Earlier today, a “snow squall” quickly engulfed the island of Manhattan in dramatic fashion. Fortunately, there are plenty of cameras set up around NYC, ready to capture something like this when it comes along.
A snow squall, for the meteorologically uninitiated, is an “intense burst of snow” that’s typically accompanied by very strong winds. They last between 30 and 60 minutes, and while the description might not seem too menacing, the visuals certainly make up for it. New York City had its first snow squall of the season earlier today, and as this footage from the One World Observatory demonstrates, a snow squall can be a beautiful, dramatic, and terrifying thing to behold as it swallows up your city:
— David Jones (@DavidJonesTV) December 18, 2019
Here’s the same phenomenon captured from the 67th floor of the Empire State Building. Interesting when you realize that these two people were actually recording each other as this happened:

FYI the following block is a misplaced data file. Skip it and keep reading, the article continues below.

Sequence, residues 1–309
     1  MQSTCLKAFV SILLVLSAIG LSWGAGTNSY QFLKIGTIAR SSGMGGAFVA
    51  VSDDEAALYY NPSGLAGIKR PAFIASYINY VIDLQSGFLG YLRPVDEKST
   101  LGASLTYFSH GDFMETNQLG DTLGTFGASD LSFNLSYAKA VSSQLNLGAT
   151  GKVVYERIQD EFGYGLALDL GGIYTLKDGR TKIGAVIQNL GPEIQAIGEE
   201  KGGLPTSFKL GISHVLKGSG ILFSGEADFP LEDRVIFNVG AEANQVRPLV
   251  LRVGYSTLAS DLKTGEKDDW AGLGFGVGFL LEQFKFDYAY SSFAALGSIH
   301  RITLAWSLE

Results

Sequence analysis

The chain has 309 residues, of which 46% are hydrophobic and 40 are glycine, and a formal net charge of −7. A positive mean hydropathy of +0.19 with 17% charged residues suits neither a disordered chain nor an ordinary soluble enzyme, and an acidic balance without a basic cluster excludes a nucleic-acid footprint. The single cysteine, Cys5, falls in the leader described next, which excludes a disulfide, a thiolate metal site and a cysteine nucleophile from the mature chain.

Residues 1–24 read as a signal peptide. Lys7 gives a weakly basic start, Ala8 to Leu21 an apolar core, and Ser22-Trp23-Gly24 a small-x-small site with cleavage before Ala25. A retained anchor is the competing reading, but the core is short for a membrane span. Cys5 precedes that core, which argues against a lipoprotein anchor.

— Dino P (@dpanagoulias) December 18, 2019
And, not to be outclassed, here’s footage from 30 Rock that captures the squall rolling in, the whiteout conditions during, and the city being revealed once more afterwards:
— austin (@austin_nasta) December 18, 2019
Even Goldman Sachs took a break from all that financial nonsense and got in on the timelapse action:
— Goldman Sachs (@GoldmanSachs) December 18, 2019
You can see more photos and footage from Mother Nature’s little display of power in Manhattan today by looking up the #snowsquall hashtag on Twitter. If you’re in Manhattan, we hope for your sake that you were indoors; but even more importantly, we hope you had your camera charged and ready to shoot. Looks like #snowsquall 2019 was a pretty incredible photo opportunity.
(via Fast Company)